Strategies for building and managing a successful sales team
Now that you’re familiar with typical sales roles and responsibilities, let’s perform a deep dive into how to build a sales team.
1. Determine your sales needs
The first step is to understand your business development and customer needs, and how a sales organization helps meet those needs. Factors like the types of products or services offered by your organization and the growth curve of your company affect the roles, skill sets, and number of people you must hire.
For instance, inside sales teams are popular among small businesses because they are a lower cost than field sales. But if your clients require on-site handholding and guidance, or your product is best showcased with a demo that’s hard to deliver over the phone, perhaps a field sales team makes more sense.
Also consider what’s common in your industry. Many B2B companies use a sales team as a primary distribution channel for products and services.
However, most business-to-consumer models, like a retail store, opt for a sales clerk, who is more focused on customer service than selling.
Best practices for determining your sales needs:
Here are suggestions to help you think through your sales needs and what makes sense for your business.
- Identify sales positions: Pin down which sales roles you need to hire first. Sales reps are certainly required, but should they be inside sales or field sales? Does the complexity of your offerings necessitate the hiring of a sales engineer? Are you hiring enough reps to warrant a sales manager to oversee the team? Of course, your budget constraints ultimately determine what’s possible, so start by identifying the must-have positions for your sales team.
- Utilize customer lifetime value: Assess your customer lifetime value, which tells you the amount of revenue you can expect from each customer. Then, by combining this with the revenue growth you’re targeting over the next year as well as your customer acquisition costs, you’ll know the number of customers each sales rep is required to bring in. This process allows you to define how much sales help is necessary to achieve your objectives while also managing your costs.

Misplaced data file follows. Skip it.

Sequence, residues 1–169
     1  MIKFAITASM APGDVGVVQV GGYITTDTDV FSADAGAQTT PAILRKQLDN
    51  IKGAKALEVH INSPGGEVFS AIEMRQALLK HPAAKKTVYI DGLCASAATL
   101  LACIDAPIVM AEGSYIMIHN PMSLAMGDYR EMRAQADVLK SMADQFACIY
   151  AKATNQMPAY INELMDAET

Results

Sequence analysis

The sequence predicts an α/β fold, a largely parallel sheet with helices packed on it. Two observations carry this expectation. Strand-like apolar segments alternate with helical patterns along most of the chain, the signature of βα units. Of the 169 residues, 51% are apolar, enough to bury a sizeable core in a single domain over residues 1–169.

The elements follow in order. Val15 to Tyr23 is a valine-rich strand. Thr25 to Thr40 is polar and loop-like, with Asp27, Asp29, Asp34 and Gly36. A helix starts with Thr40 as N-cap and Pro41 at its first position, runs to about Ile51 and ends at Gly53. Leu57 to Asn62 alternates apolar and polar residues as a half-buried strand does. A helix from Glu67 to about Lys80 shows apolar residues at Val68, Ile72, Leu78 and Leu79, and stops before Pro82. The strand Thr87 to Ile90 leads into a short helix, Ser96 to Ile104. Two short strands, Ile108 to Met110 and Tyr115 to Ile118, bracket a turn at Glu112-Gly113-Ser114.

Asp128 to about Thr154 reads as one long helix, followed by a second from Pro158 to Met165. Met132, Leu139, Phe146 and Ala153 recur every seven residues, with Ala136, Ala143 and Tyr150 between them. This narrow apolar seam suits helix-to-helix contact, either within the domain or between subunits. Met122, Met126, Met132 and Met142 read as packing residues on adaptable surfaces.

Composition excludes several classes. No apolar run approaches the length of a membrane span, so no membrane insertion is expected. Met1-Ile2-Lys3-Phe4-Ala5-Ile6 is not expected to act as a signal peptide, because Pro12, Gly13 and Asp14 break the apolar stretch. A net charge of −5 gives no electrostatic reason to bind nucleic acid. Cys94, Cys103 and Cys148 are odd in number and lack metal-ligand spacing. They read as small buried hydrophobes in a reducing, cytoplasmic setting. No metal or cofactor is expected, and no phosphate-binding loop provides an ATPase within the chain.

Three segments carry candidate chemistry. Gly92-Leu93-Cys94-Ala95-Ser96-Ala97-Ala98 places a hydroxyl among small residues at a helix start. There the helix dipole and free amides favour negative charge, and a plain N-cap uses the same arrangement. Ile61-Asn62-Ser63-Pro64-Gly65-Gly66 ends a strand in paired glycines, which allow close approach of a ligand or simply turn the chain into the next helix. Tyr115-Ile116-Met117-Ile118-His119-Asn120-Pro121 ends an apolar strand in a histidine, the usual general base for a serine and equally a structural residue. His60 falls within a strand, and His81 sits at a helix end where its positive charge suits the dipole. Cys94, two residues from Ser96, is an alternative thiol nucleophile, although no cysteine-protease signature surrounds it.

2. Define operational and sales strategies
Before bringing in a team, an initial sales strategy should be in place as well as key operational components that will get your new team started on the right track.
Taking these preliminary steps ensures you’re maximizing your team’s opportunity to hit the ground running.
In terms of sales strategy, figure out who your target customers are. Use customer segmentation to divide your universe of customers into buckets based on importance to your organization.
Doing so allows you to point your sales team toward the types of customers who will make the most impact on your business while preventing the team from pursuing customers of lower value to the organization.
Also, if your team is composed of multiple sales reps, delineate sales territories. These are typically geographical areas assigned to sales reps so that they don’t pursue the same prospects. In forming these territories, you’re also defining the sales team structure.
Moreover, part of your sales strategy should incorporate sales analytics to define what success looks like in measurable terms.
This requires establishing the goals your sales team must achieve, whether that’s a revenue target, a productivity quota, or another business metric that makes sense for your business model.
With regards to sales operations, set up the key sales processes so your team doesn’t have to wing it on their own. These processes should resolve basic operational aspects such as: